Crimes and Mercies. James Bacque

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Название Crimes and Mercies
Автор произведения James Bacque
Жанр История
Серия
Издательство История
Год выпуска 0
isbn 9780889227699



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      CRIMES AND

      MERCIES

      The Fate of German Civilians

      Under Allied Occupation,

       1944–1950

      JAMES BACQUE

       To Herbert Hoover and Reverend John F. Davidson

      CONTENTS

       IV: A HOLIDAY IN HELL

       V: AND THE CHURCHES FLEW BLACK FLAGS

       VI: DEATH AND TRANSFIGURATION

       VII: THE VICTORY OF THE MERCIFUL

       VIII: HISTORY AND FORGETTING

       APPENDICES

       NOTES

       SELECT BIBLIOGRAPHY

       INDEX

       p. xxx Map showing the division and control of Germany immediately after the Second World War. Source: The Oder–Neisse Problem by Friedrich von Wilpert (Bonn, Atlantic-Forum, 1962).

       p. xxxi Map showing the expulsion of Germans from their eastern homelands. Source: The Oder–Neisse Problem by Friedrich von Wilpert (Bonn, Atlantic-Forum, 1962).

       p. 42–3 German local governments were ordered by the US Army to warn citizens that feeding prisoners was a crime punishable by death. This order was found in the 1980s in the archives of the village of Langenlonsheim by Jakob Zacher.

       p. 96–7 Printed notice for Germans to be expelled from Kraslice, in the Sudetenland, Czechoslovakia. Source: Sudetendeutsches Bild-archiv, Munich.

       p. 127 This memorandum by Robert Murphy, Chief Political adviser to US Military Governor of Germany from 1945, was kept secret until the 1990s. Murphy predicts an excess of deaths over births of at least 2,000,000. Source: Hoover Institution, Stanford.

      Plate section (following p.128)

       1 . Henry Morgenthau, US Secretary of the Treasury. His Morgenthau Plan for the destruction of German industry led to the deaths of millions of Germans years after the war’s end. (US Army)

       2. The Potsdam Conference in the summer of 1945, where the transfers of millions of Germans from Poland, Czechoslovakia and Hungary were approved. Truman is in the foreground, with his back to camera; Stalin is seated further to the right and Churchill is across the table on the left. (US Army) 3.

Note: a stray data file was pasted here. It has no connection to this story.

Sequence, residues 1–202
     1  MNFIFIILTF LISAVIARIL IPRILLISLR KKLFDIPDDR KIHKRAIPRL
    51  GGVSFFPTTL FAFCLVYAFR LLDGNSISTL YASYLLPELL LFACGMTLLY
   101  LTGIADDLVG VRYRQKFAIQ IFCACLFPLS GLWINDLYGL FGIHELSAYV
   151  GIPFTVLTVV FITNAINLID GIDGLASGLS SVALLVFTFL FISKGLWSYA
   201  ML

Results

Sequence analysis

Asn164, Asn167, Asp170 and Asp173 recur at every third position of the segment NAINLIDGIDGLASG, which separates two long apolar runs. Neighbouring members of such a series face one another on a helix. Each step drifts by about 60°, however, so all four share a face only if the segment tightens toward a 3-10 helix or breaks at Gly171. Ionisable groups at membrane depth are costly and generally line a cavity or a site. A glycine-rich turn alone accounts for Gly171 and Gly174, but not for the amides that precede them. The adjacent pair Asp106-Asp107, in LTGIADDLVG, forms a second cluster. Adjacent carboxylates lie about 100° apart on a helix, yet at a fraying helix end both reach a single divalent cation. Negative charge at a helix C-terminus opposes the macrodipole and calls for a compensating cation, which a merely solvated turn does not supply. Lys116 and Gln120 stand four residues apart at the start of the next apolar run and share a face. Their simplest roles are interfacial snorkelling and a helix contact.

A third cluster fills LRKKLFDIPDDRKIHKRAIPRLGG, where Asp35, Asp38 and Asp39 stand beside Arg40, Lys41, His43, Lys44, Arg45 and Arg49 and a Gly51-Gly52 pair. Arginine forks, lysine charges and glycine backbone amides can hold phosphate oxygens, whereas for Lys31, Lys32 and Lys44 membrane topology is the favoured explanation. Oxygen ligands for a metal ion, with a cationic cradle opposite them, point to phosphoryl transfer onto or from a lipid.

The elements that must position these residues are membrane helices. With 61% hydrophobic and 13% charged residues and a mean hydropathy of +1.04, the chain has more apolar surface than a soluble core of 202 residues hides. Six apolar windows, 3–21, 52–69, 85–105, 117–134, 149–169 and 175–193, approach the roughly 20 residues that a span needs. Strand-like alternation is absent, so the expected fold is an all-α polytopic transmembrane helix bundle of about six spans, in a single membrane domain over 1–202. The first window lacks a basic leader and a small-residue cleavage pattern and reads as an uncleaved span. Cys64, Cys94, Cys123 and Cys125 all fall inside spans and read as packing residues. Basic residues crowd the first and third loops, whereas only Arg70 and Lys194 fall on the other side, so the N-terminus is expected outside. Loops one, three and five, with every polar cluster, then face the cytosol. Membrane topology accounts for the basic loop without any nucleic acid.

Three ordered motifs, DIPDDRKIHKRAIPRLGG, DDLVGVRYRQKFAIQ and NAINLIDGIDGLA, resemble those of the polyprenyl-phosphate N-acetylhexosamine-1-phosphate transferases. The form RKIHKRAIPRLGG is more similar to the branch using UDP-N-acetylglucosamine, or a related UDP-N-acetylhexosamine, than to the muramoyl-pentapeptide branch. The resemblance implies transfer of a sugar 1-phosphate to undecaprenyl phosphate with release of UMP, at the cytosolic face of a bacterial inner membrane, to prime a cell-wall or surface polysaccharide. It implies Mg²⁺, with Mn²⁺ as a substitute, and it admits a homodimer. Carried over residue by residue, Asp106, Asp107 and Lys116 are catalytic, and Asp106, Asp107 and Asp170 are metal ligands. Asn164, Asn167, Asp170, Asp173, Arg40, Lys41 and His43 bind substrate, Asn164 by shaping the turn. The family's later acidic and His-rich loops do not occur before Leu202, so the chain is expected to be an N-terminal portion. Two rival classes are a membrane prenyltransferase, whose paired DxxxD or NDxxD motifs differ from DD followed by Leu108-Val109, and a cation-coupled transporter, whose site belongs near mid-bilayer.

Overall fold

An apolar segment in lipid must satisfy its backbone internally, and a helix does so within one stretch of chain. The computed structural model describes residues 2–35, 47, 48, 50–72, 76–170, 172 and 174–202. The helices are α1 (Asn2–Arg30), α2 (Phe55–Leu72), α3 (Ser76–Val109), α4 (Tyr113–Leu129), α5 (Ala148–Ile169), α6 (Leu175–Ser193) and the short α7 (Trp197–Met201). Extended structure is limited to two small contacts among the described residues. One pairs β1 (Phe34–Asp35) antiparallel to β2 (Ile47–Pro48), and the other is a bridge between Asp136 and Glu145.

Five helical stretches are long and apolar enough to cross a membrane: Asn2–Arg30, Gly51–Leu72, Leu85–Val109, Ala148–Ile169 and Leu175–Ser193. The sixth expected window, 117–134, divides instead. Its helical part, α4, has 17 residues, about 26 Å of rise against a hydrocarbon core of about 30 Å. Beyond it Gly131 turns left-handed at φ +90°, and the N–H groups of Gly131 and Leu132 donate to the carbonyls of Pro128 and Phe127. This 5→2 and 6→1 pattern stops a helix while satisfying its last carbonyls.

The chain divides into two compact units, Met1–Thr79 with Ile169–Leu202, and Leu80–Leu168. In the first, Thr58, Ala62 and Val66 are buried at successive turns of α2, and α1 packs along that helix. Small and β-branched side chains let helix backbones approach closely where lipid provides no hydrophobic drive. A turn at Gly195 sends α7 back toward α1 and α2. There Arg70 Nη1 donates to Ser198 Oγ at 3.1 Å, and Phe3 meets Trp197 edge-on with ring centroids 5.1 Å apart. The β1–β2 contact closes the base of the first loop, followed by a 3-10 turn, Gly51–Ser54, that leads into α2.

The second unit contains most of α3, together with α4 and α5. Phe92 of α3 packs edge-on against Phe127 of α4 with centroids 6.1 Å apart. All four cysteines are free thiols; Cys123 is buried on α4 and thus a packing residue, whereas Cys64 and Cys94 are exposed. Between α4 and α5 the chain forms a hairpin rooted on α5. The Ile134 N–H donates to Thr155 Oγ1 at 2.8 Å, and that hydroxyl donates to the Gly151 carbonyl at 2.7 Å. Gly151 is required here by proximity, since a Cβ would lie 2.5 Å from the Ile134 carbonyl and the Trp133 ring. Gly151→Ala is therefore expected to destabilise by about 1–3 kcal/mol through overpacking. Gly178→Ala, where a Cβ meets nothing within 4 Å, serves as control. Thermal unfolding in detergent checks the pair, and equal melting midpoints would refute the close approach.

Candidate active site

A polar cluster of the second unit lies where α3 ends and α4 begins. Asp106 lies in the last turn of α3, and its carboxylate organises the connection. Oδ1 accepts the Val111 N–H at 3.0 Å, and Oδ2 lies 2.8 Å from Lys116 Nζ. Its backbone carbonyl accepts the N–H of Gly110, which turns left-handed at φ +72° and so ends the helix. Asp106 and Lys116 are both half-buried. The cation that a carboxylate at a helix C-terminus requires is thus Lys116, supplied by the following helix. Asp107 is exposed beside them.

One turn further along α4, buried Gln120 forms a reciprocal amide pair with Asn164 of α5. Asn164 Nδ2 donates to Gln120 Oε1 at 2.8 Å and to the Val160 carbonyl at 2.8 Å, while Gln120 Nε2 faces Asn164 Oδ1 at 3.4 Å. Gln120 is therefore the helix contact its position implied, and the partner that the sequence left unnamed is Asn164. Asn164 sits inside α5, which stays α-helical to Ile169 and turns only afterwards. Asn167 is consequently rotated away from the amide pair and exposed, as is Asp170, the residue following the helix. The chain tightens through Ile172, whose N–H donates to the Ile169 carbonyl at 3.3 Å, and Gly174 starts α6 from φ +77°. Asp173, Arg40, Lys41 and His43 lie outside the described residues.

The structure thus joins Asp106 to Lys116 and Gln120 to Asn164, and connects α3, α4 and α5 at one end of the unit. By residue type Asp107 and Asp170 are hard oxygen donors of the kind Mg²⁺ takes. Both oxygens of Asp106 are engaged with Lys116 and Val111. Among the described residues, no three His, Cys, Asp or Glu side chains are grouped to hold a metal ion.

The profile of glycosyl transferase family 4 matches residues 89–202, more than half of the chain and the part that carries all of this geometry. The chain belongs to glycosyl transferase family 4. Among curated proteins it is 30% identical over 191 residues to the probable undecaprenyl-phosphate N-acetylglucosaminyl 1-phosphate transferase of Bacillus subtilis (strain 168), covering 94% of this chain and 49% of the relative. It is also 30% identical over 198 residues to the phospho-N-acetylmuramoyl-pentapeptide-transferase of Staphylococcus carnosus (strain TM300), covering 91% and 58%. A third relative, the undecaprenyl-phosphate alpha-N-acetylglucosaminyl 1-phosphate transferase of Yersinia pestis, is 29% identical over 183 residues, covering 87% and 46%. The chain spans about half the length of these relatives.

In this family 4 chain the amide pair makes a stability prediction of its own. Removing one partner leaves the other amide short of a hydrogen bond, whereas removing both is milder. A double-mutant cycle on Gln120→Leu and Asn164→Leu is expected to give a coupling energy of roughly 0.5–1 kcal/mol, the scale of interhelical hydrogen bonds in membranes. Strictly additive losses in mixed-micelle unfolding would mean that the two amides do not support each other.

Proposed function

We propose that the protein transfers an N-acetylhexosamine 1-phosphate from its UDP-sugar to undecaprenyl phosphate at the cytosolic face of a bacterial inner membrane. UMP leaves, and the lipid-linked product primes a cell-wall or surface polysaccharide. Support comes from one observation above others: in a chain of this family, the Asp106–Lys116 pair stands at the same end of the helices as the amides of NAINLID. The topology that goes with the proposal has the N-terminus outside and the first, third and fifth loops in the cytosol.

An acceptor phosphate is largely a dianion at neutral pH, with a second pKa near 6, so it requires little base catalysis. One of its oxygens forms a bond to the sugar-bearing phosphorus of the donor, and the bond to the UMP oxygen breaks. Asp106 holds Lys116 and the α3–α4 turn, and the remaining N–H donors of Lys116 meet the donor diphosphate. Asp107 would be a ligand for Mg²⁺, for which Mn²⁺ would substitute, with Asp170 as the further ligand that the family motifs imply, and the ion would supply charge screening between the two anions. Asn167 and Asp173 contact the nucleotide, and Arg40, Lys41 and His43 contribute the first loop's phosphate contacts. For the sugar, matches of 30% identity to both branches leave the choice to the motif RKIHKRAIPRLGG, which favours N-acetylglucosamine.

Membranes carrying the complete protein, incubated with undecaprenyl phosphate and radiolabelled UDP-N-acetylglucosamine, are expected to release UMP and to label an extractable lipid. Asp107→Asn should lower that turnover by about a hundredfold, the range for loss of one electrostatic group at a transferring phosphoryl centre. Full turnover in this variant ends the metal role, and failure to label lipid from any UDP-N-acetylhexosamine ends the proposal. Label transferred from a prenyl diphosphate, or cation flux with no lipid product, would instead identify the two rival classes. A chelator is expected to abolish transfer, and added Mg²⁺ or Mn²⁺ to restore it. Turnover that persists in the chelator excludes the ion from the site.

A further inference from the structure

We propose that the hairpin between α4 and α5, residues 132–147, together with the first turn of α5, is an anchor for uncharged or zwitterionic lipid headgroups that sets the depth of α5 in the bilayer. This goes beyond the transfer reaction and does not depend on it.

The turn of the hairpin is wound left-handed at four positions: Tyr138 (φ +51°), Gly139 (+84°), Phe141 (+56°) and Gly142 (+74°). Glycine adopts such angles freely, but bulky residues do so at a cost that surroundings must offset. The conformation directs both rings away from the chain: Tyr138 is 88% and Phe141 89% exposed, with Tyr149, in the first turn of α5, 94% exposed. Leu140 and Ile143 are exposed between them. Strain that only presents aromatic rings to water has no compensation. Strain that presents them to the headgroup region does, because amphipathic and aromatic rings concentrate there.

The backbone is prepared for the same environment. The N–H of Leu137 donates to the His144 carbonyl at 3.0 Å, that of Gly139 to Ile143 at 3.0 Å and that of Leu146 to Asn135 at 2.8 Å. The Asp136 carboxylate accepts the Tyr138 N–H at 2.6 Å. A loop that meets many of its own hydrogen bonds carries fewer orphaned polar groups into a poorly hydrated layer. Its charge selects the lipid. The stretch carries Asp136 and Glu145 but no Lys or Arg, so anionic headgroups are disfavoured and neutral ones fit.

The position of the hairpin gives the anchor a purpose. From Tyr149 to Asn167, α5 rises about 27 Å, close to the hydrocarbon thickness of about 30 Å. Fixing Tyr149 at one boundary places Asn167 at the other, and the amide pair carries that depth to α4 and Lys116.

US President Harry Truman (left) greets Herbert Hoover on 28 May 1945, before a 45-minute meeting during which they discussed world food relief. (Acme International/Bettman Archive)

       4. In September 1945, US Secretary of War Robert Patterson and President Harry Truman controlled the most powerful military machine in human history. They soon used it for a huge food-relief campaign. (US Library of Congress)

       5. Norman Robertson, Under-Secretary of External Affairs for Canada, led the Canadian food aid programme from 1945. Later he became Ambassador to the United States. (Herb Nott/Ontario Archive)

       6. William Lyon Mackenzie King, Prime Minister of Canada. He worked with Norman Robertson and Herbert Hoover to bring Canadian wheat to starving people around the world. (Gilbert Milne/Ontario Archive)

       7. Painting by prisoner Kurt Spillman of the French camp at Thorée-les-Pins, near La Flèche, in early spring 1945. ‘We arrived about 6 a.m. in a snowstorm. The dead lying on the right are comrades who suffocated during the journey. US soldiers look on as we are beaten by the French support troops.’ (Kurt Spillman)

       8. US soldier guarding camp at Sinzig, on the Rhine near Remagen, spring 1945. Millions of Axis prisoners were herded into open fields and kept for months without sufficient food, water or shelter. (US National Archive 111-SC-204919)

       9. Aerial view of the infamous Russian camp at Vorkuta, two thousand miles north-east of Moscow, between the Barents Sea and the northern peaks of the Urals. (Hoover Institution)

       10. On these tiny pages (shown actual size) the names of dead Austrian prisoners were written. Rudolf Haberfellner (now of Toronto) risked his life to smuggle this notebook out of his camp at Novo Troitsk, USSR. (Rudolf Haberfellner)

       11. The Allies deprived Germany of chemical fertilizers, so this farmer near Bamburg uses liquid manure. The cows drawing the wooden tanks also provided milk and, when too old to work, meat for the hungry. (US Army)

       12. April 1946: German engineers are forced to dismantle a powerplant at Gendorf for shipment to Russia as reparations. (US Army)

       13. January 1946: civilians in Kiel clean up rubble in front of the Empire Building used by the British for their Army Welfare Service. (Gerhard Garms)

       14. Demonstration in Kiel against the excessive Allied regulations, which helped cause food shortages in 1947. Signs read: ‘We demand control over food distribution’; ‘Severe punishment for black marketeers’; ‘We demand